On every occassion that APLINK has heard Cory Onedrejka of Linden Labs speak he allows appealed for someone who could create an effective search engine…maybe his wish has come true withou the need for Lind Labs investment.
I was in a Second Life Store the other day and whilst it was cool having my avatar stroll the mega mall and see what was on offer, I was really there to get a new look for myself. Besides Second life’s need to achieve a universal search engine, site owners also need a search function (or should there be Avatar SalesPeople) within their own spaces to help avatars find what they need, as like the real world, time is money inworld. Maybe my client Recruit.net could come up with a search solution- itsReal
With at least a couple hundred thousand users, hundreds of stores, endless commerce and millions of objects, virtual world Second Life is begging for a top-notch search tool.
Yet search is one of the systems most in need of help in Second Life. The latest evidence is the recent selection of a team working on such a system as a finalist in the Second Life business plan contest.
More than three years after its launch, Second Life is still suffering from a subpar search engine–and other virtual worlds have the same limited tools.
Now significant attempts are being made by third parties to come up with better search systems for virtual worlds.
Rescuing search in ‘Second Life’
“There’s a lot to be desired in the current (Second Life) search, quite a lot,” said Tony Walsh, the editor of Clickable Culture, a blog about virtual worlds and other online cultures. “We need a Google for Second Life, something that works quickly and produces intelligent results.”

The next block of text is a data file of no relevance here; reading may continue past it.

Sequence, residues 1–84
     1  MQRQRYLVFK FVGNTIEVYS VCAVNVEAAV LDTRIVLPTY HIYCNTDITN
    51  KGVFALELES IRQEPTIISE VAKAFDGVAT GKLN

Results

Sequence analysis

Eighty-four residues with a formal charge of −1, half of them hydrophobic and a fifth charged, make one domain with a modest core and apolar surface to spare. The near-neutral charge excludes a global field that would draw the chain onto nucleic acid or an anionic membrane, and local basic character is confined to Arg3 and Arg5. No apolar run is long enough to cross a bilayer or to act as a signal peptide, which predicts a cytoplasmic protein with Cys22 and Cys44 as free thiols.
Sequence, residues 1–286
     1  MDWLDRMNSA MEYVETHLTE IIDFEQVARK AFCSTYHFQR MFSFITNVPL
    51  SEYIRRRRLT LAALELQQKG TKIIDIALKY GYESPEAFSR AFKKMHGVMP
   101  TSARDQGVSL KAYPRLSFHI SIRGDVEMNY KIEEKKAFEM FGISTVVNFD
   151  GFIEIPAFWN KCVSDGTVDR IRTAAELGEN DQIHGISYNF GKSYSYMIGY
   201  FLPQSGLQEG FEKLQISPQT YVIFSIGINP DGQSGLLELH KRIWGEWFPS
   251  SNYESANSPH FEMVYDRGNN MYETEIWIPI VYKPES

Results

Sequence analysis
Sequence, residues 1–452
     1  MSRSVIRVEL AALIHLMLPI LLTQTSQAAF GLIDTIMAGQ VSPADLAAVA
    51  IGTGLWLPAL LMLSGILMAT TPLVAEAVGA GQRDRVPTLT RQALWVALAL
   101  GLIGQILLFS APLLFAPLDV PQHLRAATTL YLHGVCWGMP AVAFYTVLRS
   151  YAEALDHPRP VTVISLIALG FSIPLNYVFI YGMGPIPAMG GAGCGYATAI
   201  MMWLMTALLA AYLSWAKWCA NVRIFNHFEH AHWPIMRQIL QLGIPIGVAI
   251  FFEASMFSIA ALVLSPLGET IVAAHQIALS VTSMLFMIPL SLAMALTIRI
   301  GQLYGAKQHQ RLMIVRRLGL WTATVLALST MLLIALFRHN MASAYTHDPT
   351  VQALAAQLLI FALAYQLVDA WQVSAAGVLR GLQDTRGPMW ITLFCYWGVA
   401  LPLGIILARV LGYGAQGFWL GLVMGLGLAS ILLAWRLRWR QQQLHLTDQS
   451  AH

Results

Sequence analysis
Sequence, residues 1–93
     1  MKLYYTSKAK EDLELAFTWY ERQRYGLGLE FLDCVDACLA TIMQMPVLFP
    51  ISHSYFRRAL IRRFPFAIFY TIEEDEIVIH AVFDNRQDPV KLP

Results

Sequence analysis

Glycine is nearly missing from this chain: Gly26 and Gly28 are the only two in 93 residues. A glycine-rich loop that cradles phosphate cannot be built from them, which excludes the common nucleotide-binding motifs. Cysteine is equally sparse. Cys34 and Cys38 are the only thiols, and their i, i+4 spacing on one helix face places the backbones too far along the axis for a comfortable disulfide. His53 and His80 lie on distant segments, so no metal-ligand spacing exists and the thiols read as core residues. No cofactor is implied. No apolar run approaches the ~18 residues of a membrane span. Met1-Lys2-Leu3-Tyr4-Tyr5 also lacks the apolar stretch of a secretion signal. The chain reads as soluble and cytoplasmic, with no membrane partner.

Some might wonder how important search needs to be in a virtual world. But as the number of Second Life stores, places and objects explodes, it is becoming crucial that users be able to find what they need without trying keyword after keyword. And while that dynamic is more true today than ever, many people believe the search system has been insufficient for years.
Read More: C|Net News.com
4 responses to “Rescuing search in ‘Second Life’ – A need for certain – itsReal”
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Lots of stores have sales clerks. And the SEARCH works *good enough* not to risk breaking it in key ways by “fixing” it.
The Lindens are working on a new version of search, if you read their blogs and go to their office hours, they are going to make it “more like Google” and such.
But there are social and political consequences to your urging of the Googlization of Second Life that a lot of us simply reject. Call us Luddites or FUDites, but the issues we raise are real:
o in order to catalogue all the stuff in SL, which has been tried by the Electric Sheep’s Grid Shepherd, a wandering spider bot, you have to invade privacy. You can’t distinguish always between what was intended for sale to the public, and what was put out for sale that minute, merely to my neighbour or to myself to undeed a TV — it is all-consuming and not opt-in but opt-out